• @Tinu I like that 🙂 Only exception I can think of is problems we have that people have yet to really voice. Rare, but possible.

      • @BrianCarter I can think of another – problems people have that they don’t talk about. Not in the embarrassing sense of “could this be more than a bladder infection”. More in the “I have a guy I order my jet engine parts from” sense.Not that I’ve ever, EVER ordered jet engine parts.

  • ginidietrich

    I went over to “the” book review to copy and paste something from it for my comment. But I just couldn’t do it. That guy is a tool and nothing about it makes my comment more funny.

    I agree with @Trace_Cohen . You can’t have a conversation without compelling content. Take us for instance. NO ONE was talking about us three years ago. Then we started creating content people want and suddenly we’re playing in the same ballpark as the big agencies. There would still be no conversation without the content.

    • @ginidietrich @Trace_Cohen Thanks for not quoting the tool. SpinSucks definitely does not suck.

  • WarrenWhitlock

    RT @briancarter Is your content marketing ready for 2012?

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  • jorgebarba

    Conversation can become content. It doesn’t necessarily have to begin with a video, infographic, photo, blog post, etc. It can just be a conversation. That can then fuel someone to create a piece of content. Also I think all this thinking about content creation creates a never ending loop crappiness. Just look at all those infographics out there. How many can you honestly say are valuable?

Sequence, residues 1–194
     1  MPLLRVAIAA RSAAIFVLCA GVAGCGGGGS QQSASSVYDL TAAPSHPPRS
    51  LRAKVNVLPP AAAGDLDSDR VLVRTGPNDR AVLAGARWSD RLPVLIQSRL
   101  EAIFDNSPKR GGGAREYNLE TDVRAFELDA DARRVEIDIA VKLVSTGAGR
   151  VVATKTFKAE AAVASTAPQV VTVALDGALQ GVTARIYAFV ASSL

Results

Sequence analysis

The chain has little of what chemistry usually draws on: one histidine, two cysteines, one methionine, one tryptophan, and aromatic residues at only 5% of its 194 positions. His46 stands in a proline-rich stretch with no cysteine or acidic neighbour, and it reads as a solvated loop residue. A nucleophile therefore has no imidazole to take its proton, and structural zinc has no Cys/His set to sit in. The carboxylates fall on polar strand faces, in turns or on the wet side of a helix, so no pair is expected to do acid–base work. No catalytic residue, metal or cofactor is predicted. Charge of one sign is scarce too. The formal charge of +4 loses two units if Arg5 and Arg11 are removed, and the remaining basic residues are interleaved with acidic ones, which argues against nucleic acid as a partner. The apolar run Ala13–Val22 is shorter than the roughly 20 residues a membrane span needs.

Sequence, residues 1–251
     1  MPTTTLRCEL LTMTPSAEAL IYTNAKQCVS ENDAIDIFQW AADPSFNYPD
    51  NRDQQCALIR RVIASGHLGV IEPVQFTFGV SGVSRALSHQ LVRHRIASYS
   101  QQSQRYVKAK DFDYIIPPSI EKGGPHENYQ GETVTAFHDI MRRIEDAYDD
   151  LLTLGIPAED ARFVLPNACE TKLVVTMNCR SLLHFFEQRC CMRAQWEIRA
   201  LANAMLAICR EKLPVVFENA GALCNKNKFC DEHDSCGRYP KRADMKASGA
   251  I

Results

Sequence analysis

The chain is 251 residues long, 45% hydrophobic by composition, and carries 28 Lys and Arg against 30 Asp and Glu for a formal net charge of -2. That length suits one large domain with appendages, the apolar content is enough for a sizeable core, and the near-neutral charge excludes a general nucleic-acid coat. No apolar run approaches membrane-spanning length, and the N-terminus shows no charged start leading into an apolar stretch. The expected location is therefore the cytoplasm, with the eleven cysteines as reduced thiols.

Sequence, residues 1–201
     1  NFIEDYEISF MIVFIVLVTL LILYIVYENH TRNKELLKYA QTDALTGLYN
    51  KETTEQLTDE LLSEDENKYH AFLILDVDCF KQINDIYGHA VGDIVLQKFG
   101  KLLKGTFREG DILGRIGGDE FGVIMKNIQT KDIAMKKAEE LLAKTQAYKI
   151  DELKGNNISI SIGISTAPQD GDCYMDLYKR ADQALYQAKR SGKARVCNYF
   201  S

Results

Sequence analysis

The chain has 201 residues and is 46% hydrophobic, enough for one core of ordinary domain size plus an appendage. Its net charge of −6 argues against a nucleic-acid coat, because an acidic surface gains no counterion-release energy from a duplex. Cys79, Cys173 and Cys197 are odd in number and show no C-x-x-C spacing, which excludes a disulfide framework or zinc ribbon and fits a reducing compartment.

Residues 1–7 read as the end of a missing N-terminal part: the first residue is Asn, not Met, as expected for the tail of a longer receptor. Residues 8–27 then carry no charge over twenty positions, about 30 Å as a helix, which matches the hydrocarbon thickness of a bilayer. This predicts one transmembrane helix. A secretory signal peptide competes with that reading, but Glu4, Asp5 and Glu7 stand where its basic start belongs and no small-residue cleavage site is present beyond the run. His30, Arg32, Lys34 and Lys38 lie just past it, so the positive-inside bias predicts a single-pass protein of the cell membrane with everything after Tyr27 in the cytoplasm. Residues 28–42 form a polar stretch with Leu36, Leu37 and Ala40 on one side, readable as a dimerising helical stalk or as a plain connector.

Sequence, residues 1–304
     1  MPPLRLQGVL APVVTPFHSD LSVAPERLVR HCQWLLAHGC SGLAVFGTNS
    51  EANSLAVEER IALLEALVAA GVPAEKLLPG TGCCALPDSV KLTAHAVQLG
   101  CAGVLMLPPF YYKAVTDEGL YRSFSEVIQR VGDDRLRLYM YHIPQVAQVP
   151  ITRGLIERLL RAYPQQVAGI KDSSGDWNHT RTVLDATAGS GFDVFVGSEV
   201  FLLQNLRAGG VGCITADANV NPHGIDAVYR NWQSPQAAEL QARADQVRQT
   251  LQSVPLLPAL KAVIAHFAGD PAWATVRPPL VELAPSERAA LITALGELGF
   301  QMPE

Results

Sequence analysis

• Usually when someone searches on the net uses keywords and phrases, these phrases get you to content so it’s surely more important content than conversation,. Someone can have zero comments and no social stuff and after some time can still arrive at page 1 on Google. Conversation keeps content fresh and also helps the blogger to not to feel always writing alone; something that could lead to begin talking with the screen. Content is what makes your site to be found and read, conversation help spreading the word and keeps things alive. Also in the case Google throws you out of the index for whatever reason it’s the only thing that can help a site to survive.

    As for the social thing I still have Stumbleupon as n°1 for traffic after search engines but given that I don’t use really FB, Twitter and G+ it’s not such a reliable measure. But I doubt the real efficiency of Facebook to drive both traffic and money beside a bunch of businesses. And I’d really like to know the real ROI of Facebook users, considering also the time spent which could be used to comment or write, things which have a pretty good ROI.

    Very interesting post from a different but intriguing angle. 🙂

  • __Shashank

    @AnnTran_ @infinigraph @SpinSucks @ChaseMcMichael may be conversation creates a real content? #smw12

  • Liron_Segev

    @idale @DonoWhite definalty ! need to have a reason for a fan to come back. Not a case of “build it and they will come”

    • idale

      @Liron_Segev precisely. @donowhite